Lenders of All Shapes and Sizes Duke it Out Over Competition and an Uncertain Future
Within a market filled with capital that’s being deployed in a multitude of ways and from a variety of angles, J.P. Morgan’s Greg Reimers alluded to a famous quip from Warren Buffett to hint at what may come of the playing field should there be a downturn.
“You only find out who’s swimming naked once the tide goes out.”
With traditional banks having pulled back slightly in some areas of lending and still facing regulatory pressures, the ascension of unregulated and aggressive alternative lenders of all shapes and sizes is no secret. Even while major banks still have the strongest lending footprints, they find themselves wanting.
Reimers, the northeast market manager of J.P. Morgan’s real estate banking practice, was joined by Wells Fargo (WFC)’s Alan Wiener, Starwood (STWD) Property Trust’s Chief Originations Officer Dennis Schuh and Ralph Herzka, the chairman and CEO of brokerage Meridian Capital Group, to hash out the state of the currently bloated capital markets at Commercial Observer’s second annual Financing Commercial Real Estate Forum at the Metropolitan in Midtown on Wednesday. Morrison and Foerster Partner and Global Real Estate Group Chair, Mark Edelstein, moderated the panel.
”It depends on the type of lending,” Wiener said when asked about how rising interest rates and competition has affected lending. “With construction lending, spreads have come in. But, we’re really focused on the borrower. If you look at community banks and alternative debt [compared to Wells Fargo], we’re more regulated, so our credit quality is not changing.
“[Alternative lending is] less structured and spreads are greater,” Wiener added. “As rates go up, then you’re borrowing at [a six percent interest rate]. It’s less efficient than what banks can do.”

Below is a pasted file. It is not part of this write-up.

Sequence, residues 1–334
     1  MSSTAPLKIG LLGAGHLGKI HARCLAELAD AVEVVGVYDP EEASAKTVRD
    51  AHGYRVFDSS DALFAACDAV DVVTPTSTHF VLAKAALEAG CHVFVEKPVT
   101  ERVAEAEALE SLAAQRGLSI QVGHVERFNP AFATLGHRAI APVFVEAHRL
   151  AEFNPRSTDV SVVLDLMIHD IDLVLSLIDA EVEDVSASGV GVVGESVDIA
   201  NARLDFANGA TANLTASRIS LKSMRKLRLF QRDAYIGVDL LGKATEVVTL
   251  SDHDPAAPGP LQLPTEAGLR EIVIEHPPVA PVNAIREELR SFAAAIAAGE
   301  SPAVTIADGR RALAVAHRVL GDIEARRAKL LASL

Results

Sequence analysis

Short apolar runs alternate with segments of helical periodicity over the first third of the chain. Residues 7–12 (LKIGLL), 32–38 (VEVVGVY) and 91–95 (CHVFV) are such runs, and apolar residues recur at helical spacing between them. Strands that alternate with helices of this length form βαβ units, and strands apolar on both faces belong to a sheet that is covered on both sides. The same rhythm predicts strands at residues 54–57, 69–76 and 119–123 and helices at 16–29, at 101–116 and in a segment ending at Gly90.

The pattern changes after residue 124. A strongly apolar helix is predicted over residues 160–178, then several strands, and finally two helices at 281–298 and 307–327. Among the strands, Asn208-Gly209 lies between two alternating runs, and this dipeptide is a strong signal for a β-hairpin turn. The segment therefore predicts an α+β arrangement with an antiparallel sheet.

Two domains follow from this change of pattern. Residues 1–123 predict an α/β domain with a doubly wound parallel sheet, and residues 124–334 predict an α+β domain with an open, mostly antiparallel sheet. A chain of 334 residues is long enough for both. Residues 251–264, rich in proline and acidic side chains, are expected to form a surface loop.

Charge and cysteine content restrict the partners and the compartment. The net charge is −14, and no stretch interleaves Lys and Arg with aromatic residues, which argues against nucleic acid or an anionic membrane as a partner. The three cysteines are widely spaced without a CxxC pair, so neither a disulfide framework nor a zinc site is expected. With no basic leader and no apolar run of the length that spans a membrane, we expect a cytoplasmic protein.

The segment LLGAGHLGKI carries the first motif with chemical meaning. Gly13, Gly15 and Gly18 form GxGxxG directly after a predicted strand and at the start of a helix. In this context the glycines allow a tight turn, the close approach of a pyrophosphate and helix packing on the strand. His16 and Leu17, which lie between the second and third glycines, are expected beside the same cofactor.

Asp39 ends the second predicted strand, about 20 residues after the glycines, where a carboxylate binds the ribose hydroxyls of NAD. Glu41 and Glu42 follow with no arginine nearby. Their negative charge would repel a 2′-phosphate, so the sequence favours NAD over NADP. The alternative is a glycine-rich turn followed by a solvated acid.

Schuh said that Starwood is very interested in the challenging sphere of construction financing and likes to be active where others aren’t.“We look for voids in the market and opportunities where banks pulled back and capital isn’t afraid to take risks,” he said. “But we’re thoughtful in our evaluations. We’re regulated by shareholders.”
When it comes to construction financing, Herzka said, “Banks are focused on top-tier borrowers. Within 15 minutes [of hearing a client], we know where [the construction financing is] going.”
As of the fourth quarter of 2017, there was 600,000 multifamily units under construction, which maintained a construction inventory not experienced since the mid-1970s, according to the Mortgage Bankers Association’s commercial and multifamily fourth quarter databook.
“We’re most aggressive on multifamily, with the amount of liquidity, there,” Schuh said. “We’re cautious on retail, but we also don’t redline any markets. Our average balance is $100 million and we usually focus on the top 10 to 15 markets throughout the country and the coastal markets. We’re seeing some softness in luxury condo market, but we actually find those opportunities interesting.”
Edelstein hinted that a recession is ready and waiting, as has been the case throughout their respective careers after boom years, and he asked how each panelist will brave a potential storm. Weiner said his group is “going to stick to what we do best, which is knowing our client and how much equity they can bring in, as well as their track records.”
“We’re going to remain disciplined and watch leverage points,” Schuh said. “We raised over $1 billion in corporate debt and we’re relying on that, having people call you for capital. We have a lot of liquid assets, so we’re going to be looking for opportunities in a potential downturn.”
Reimers said: “Our plan is to stick to the plan. It’s been an extraordinary run through this cycle. We want to continue to watch our leverage and structure, especially with 2-5 year loans. But, It’s really hard to win when you’re underwriting for a downturn.”
Edelstein ended the discussion by asking who each of the panelists actually believe will be caught “swimming naked,” should there be a recession.
Herzka took a modest approach, saying that agencies will prosper because people will always need a place to live, but added, “Life companies and banks aren’t at risk. Alternative lenders have been disciplined, but they can stop in and take an asset [at the end of the day]. I don’t anticipate a deep recession.”
Wiener answered, “probably alternative lenders and CMBS.”
Reimers responded, saying, “in some form or fashion, it will be alternative lenders and equity holders.”
Schuh—an alternative lender—immediately followed, “Agencies, but it’s going to come down to to interest rate management.”
Let the games begin.